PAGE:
As the title would lead you to believe, I am 13 days into quarantine. Quarantining for a virus that I have been vaccinated for previously and then tested negative upon intake at Yankton.
There is a lesson to be learned here and it is one that any Federal inmate would be well served to learn, sooner rather than later—don’t expect BOP policies to accommodate your needs and desires even if they are rational. That is lesson number one. Lesson number two, don’t expect anything.
I say this not coming from a place of frustration, but more so on a path to acceptance, albeit a hard path to walk. Inmates are supposed to be tested at twelve days. Then, pending a negative test result be released into general population. My twelve day mark was Sunday. Ok, no nurses who handle COVID testing were in. Now however, it is Monday. Yet again, no nurses who handle COVID testing are in. You would think most anyone could administer a COVID test. And you would be right, but not in this case.
But the BOP is a bureaucratic organization where everyone has their specific roles and responsibilities. This isn’t the private sector where we are used to seeing a “let’s roll up our sleeves and get the job done”—teamwork mentality. In reality, I have no idea, and most importantly, no control over when my test will be administered, when the results are received, and when I can leave quarantine.
There are a few things I do have control over. First, I can handle how I respond to the staff member who informs me I will not be getting my COVID test today. She is not doing that by choice. She doesn’t administer tests and wouldn’t depart from her defined job duties. So, not getting unnecessarily upset with someone is in my control.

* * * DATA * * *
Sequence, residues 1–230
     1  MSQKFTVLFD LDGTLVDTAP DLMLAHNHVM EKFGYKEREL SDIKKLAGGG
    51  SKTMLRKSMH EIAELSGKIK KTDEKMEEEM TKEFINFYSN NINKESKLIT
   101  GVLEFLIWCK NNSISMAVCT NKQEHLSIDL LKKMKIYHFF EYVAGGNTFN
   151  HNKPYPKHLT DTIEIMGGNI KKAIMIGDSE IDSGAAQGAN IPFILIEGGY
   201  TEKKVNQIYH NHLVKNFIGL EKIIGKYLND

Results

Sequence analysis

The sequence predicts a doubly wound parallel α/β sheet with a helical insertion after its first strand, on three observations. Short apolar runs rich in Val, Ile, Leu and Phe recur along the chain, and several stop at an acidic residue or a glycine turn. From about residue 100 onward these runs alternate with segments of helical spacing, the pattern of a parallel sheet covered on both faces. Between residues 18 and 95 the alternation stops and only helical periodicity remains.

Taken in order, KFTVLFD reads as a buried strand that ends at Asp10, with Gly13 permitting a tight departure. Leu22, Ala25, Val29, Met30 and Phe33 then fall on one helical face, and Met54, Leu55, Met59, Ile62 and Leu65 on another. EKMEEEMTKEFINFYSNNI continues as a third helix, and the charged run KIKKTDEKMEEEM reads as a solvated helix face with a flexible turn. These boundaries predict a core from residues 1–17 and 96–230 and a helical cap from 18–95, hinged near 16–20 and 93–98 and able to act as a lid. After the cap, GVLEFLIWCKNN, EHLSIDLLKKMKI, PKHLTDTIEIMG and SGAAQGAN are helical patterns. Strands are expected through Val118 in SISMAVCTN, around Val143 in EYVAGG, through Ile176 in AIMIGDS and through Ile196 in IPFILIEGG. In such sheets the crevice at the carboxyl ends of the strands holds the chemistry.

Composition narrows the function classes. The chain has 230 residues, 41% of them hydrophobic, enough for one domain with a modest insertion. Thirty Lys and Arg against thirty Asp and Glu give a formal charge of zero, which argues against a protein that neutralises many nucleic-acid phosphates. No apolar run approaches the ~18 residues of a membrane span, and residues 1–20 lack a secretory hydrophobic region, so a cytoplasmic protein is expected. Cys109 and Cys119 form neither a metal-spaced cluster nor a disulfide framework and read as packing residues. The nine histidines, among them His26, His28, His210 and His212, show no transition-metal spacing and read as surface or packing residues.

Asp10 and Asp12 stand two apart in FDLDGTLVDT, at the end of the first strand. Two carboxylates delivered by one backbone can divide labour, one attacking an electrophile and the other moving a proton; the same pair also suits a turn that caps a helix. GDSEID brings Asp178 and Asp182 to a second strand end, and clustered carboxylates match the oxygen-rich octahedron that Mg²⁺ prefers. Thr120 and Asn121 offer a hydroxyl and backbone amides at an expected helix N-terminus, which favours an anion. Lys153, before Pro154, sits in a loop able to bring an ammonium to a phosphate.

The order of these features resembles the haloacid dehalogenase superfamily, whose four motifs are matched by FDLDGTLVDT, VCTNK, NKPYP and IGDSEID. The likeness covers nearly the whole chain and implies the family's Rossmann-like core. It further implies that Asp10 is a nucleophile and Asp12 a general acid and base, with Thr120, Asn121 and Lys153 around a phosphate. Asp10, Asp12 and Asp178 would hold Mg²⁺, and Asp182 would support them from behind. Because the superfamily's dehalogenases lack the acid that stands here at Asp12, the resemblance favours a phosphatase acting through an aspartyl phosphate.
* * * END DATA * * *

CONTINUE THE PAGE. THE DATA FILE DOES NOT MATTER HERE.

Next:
Second, I can control my internal reaction to my disappointment. I can be in an ornery mood all day, or Zen out and enjoy the reading time. I fall somewhere in the middle, but with my intuition telling me to lean to the latter.
Third, play the long game. Yes, they say you should live in the present. But I always felt the need to do that, while still planning for the future, which ties back to my first two points. So I’m staying as calm as I can—writing, cleaning my room and about to finish a 390-page book in less than 24 hours. I can think of numerous things I would rather be doing and 40 or so books I would rather be reading. However, my options are limited so I must live in the present.
A few nights back a CO (Correctional Officer) succinctly summarized his job duties to a few of us. The list was not long, but the first two points are worth keeping front of mind. One, keeping inmates safe. Two, count inmates.
I feel safe here. It is a mental challenge, not a physical one. Regarding counting inmates, we are all accounted for multiple times throughout the day and night. You get accustomed to all the flashlights shining in your eyes while you sleep. Are the inmates safe and are they here?
The CO job duties do not include:
- Are the inmates happy?
- Are they having a fun day?
- Was the last meal up to their standards?
- Is their bedding comfortable?
- Are they entertained?
- Would they enjoy a mint on their pillow?
It’s up to each of us to find joy and meaning in this journey, whatever that looks like to the individual facing such a situation.
One thing is for sure, when quarantine ends I am going to step on the gas when it comes to all the reading, learning and studying I have planned. Plus, I’m going to buy a glove and start playing a new sport—handball. I’m ready to feel the sun on my skin and fresh air in my lungs.
Out of quarantine and into prison. Out of the frying and into the fire. I’m ready for it—but patiently waiting.
Happy Summer Solstice from inside the quarantine unit!